So, I feel more than a little churlish picking on a publication that’s just run something I wrote, but the intro to this profile of Harry Reid in TAP is a sort of perfect storm of journalistic tics that set my teeth on edge.
Harry Reid loves movies. “I go to the movies every chance I get,” he says, sitting in a lavish conference room just off the Senate floor at the north end of the Capitol.
Now, this is a hair’s breadth from writing Harry Reid loves movies. “I love movies!” says Reid. And on face “I go to the movies every chance I get” is not so striking an utterance, either in its content or its form of expression, as to demand direct quotation. But I empathize: If I call ten sources for a story, my instinct is to find some excuse to quote every damn one of them, so you can see how diligent I’ve been. (“Show your work!” echoes Mrs. Buxbaum’s voice from eighth grade algebra.) So in case there was any doubt, here it is right up front: The author went and interviewed Harry Reid like a proper journalist, in person and everything.
It is noon on a Friday, and a narrow beam of sunlight shines in through the window and rests on one side of Reid’s face, making his right eye appear a little bluer than his left. In recent weeks, he says, he has seen The Bourne Ultimatum and hated it, and The 3:10 to Yuma and loved it. But it was In the Valley of Elah that Reid really enjoyed. “The acting,” he says, trailing off. “Tommy Lee Jones, and Susan Sarandon … and then that ugly woman — Charlize Theron, she added a little to it.”
Feature-Tron-3000-Jour-no-Circ-uits-Ac-ti-vate! Soft-Lede-Must-Con-tain-De-scrip-tive-col-or! Sure, these descriptive details may not illuminate anything about the subject (other than his right eye), or create a sense of place as setting for some further narrative purpose, or even paint an inherently interesting picture. And granted, something as quotidian as a fondness for mainstream movies doesn’t do much to flesh Reid out as a person. But it’s right there in the manual, page three: Narrative lede, second graf, descriptive color.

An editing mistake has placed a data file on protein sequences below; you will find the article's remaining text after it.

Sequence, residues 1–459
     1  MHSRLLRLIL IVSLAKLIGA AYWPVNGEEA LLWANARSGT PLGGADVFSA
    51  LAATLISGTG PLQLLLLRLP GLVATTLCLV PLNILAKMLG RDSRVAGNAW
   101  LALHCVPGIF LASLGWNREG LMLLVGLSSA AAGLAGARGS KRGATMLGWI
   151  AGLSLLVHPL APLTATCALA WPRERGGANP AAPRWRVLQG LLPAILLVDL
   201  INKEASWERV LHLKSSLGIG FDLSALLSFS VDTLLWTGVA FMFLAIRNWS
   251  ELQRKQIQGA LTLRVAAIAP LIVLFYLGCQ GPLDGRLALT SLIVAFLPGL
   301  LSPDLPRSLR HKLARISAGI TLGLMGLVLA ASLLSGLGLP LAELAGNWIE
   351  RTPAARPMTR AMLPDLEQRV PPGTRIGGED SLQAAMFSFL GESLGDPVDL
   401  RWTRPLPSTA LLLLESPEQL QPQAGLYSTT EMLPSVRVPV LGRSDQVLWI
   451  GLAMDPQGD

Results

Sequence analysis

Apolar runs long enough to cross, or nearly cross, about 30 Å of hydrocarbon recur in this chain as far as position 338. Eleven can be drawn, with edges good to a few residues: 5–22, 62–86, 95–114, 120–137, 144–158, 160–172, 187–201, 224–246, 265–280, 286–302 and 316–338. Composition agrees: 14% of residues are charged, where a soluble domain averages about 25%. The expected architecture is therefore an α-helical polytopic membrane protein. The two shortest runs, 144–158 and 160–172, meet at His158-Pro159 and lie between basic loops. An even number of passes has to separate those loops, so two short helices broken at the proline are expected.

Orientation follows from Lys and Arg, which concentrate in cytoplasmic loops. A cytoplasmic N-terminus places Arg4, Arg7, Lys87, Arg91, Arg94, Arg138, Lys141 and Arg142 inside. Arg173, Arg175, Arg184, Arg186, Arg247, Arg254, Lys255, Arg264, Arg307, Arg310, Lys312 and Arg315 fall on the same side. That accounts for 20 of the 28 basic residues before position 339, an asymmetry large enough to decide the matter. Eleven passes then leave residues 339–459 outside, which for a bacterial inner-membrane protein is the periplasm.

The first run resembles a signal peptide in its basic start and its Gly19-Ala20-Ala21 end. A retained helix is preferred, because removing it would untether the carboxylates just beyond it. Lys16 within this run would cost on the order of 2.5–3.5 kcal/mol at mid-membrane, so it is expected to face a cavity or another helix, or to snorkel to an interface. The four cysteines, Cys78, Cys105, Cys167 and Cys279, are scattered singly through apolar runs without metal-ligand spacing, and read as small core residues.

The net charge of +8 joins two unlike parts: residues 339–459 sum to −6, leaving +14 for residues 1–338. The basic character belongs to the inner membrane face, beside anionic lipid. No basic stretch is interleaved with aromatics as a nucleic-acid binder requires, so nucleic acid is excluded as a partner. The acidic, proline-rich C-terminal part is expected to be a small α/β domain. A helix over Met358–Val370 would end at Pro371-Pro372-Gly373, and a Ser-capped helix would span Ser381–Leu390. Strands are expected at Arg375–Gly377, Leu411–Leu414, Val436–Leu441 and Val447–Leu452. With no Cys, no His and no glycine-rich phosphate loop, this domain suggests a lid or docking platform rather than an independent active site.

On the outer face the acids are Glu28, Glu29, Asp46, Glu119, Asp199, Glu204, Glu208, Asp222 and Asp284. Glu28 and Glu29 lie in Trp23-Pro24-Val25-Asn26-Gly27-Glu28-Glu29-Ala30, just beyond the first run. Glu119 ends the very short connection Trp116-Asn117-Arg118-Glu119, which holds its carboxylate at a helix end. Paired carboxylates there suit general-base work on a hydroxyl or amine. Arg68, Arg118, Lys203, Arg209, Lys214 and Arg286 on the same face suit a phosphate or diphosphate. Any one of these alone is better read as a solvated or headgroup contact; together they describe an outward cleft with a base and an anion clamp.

Reid’s unexpected injection of comedy (in October Esquire named Theron the “Sexiest Woman Alive”) causes Reid’s communications director, Jim Manley, to almost pop a vein trying to contain his guffaws.
Leaving aside what I can only assume is an idiosyncratic definition of “comedy,” the image of Reid’s majordomo desperately chortling at a hopelessly unfunny crack actually is a great bit of descriptive color. But it would be more at home in a hit piece.
Reid, animated now in a way unlike the dour, partisan man o’ war persona he shows in the Senate, keeps talking. “The Valley of Elah,” he says, “is where David and Goliath fought their battle.”
Human, all too human. Reconstruct for yourself the forced segue into Reid’s own battles in the Senate, where poor David is only slightly larger than Goliath.
I’m being unfair here, insofar as this really isn’t an especially bad piece. I wouldn’t have picked on it at such length if it were: Life is short, and the world full of bad articles. Rather, the stuff I’m kvetching about is all pretty common, probably because we all get so accustomed to reading and writing features that look and flow a certain way that it’s very easy to start painting by numbers. And hell, on a deadline, painting by numbers isn’t necessarily all that bad… until you accidentally tie-dye the sudoku page.